- The FBI claims to have confiscated millions of dollars worth of Bitcoin from foreign con artists who prey on the elderly.
- The fraudsters convinced the victims to send money to them for “safekeeping” by assuming to be representatives of American law enforcement authorities.
Bitcoin and other digital assets have been seized in connection with a fraud scheme that targets the elderly, according to a Friday announcement from the United States Attorney for the District of Connecticut and the acting special agent in charge of the New Haven Division of the Federal Bureau of Investigation (FBI).
According to the FBI and U.S. Attorney’s office, a fraud investigation into a scam that preyed on elderly and first-generation American citizens led to the seizure of over 151 Bitcoins, or over $3.4 million.
The court records said that criminals began to prey on vulnerable communities abroad by impersonating police enforcement. According to the reports, the suspect’s employed computer programs to make their phone calls appear to be coming from reputable government organizations.
The hoax, which took place in or around October 2020, involves foreigners posing as agents of American law enforcement. The authorities said that they specifically targeted “vulnerable victims, including first-generation U.S. citizens and elderly persons.”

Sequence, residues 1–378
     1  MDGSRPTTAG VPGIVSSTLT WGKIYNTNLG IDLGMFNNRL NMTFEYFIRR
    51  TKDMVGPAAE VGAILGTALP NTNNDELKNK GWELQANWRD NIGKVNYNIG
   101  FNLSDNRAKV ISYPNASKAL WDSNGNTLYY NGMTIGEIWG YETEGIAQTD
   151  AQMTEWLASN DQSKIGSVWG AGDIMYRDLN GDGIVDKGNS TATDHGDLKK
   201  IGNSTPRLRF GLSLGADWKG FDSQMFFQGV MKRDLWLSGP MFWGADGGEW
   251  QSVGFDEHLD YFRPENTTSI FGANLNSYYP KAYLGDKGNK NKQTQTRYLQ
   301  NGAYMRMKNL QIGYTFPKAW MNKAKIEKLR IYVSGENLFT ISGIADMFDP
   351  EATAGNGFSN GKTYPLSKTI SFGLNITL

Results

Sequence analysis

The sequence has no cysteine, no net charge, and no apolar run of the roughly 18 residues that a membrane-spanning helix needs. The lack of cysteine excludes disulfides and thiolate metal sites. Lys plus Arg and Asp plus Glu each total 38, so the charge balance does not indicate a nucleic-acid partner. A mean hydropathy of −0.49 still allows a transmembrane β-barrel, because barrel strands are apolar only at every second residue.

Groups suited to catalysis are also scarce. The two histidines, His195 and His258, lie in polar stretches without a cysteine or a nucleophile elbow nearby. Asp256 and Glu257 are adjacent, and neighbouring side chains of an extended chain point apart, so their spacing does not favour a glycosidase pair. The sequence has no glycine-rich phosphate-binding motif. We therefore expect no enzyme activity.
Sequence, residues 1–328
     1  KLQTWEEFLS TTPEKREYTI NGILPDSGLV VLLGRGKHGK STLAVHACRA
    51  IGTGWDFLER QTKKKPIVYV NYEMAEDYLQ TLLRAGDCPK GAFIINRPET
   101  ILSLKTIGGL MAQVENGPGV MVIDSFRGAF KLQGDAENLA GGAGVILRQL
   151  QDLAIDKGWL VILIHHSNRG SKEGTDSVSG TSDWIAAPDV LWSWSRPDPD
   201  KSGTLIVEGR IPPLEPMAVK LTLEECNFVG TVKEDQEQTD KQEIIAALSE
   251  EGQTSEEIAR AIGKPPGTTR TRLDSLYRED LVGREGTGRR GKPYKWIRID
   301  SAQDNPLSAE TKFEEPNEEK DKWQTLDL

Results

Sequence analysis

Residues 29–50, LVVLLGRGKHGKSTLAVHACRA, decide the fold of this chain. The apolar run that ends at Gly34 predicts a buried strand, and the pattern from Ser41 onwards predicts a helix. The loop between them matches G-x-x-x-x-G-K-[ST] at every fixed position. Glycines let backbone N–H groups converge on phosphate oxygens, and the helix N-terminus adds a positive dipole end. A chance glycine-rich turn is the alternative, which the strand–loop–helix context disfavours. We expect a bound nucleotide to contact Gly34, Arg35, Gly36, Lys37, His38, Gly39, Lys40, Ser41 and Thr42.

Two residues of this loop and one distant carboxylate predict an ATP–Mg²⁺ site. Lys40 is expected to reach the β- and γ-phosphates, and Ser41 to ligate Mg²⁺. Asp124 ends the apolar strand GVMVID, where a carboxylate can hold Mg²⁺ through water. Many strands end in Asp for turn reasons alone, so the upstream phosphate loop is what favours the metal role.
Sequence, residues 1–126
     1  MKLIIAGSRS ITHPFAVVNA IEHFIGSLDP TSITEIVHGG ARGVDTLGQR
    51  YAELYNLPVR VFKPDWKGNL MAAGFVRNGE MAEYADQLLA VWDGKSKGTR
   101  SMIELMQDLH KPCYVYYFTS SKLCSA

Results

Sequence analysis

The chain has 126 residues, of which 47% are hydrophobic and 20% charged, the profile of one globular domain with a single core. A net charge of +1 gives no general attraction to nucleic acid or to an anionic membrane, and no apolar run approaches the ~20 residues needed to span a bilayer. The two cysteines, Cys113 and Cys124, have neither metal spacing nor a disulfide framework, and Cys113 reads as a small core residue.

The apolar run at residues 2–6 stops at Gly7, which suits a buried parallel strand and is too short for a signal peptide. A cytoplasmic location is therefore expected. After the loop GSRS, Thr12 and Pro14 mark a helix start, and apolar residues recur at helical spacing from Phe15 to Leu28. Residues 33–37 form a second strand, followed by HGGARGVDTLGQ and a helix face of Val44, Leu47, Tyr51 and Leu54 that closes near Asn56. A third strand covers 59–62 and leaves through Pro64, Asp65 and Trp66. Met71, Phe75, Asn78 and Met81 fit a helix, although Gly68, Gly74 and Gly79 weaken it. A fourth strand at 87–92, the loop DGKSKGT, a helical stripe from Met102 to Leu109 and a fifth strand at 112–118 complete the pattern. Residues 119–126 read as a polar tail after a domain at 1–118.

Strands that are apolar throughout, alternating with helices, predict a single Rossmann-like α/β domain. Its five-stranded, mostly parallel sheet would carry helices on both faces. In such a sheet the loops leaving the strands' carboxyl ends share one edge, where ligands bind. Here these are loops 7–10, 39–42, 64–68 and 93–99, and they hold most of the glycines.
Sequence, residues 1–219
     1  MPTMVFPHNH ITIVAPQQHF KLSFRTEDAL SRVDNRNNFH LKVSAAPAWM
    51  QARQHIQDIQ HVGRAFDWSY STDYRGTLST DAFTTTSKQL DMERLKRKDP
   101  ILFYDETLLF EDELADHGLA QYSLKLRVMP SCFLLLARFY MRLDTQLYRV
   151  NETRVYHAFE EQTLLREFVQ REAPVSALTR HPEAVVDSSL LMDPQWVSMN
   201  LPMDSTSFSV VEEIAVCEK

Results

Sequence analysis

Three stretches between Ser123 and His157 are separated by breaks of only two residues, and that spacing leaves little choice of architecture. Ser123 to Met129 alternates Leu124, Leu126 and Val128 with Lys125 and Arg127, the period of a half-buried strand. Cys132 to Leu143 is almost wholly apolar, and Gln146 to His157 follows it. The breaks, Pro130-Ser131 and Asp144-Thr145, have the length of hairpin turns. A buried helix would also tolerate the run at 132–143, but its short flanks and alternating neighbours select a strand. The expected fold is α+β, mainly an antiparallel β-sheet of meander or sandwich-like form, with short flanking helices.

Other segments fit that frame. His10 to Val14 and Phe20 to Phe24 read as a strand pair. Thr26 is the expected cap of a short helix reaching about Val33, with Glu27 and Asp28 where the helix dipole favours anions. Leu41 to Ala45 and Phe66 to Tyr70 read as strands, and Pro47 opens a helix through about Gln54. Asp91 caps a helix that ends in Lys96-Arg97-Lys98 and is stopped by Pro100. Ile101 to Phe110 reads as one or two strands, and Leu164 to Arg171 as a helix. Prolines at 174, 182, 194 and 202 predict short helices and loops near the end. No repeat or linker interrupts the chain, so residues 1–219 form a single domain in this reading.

They informed the victims that their identity had been stolen over the phone. Federal investigators claimed that once the con artists had the victims’ trust, they would claim that their identities were required in order to transfer money to them for “safekeeping,” which would subsequently be reimbursed with interest after the perpetrators of the fictitious identity theft were apprehended.
Once they had access to the victim’s funds, they transferred them across other bank accounts and then changed them to cryptocurrencies like Bitcoin.
Investigators were able to follow the money to a digital wallet that contained cryptocurrencies purchased with money from the victim. The digital wallet was thereafter the subject of a civil asset forfeiture seizure warrant request and approval by the U.S. Attorney’s office.
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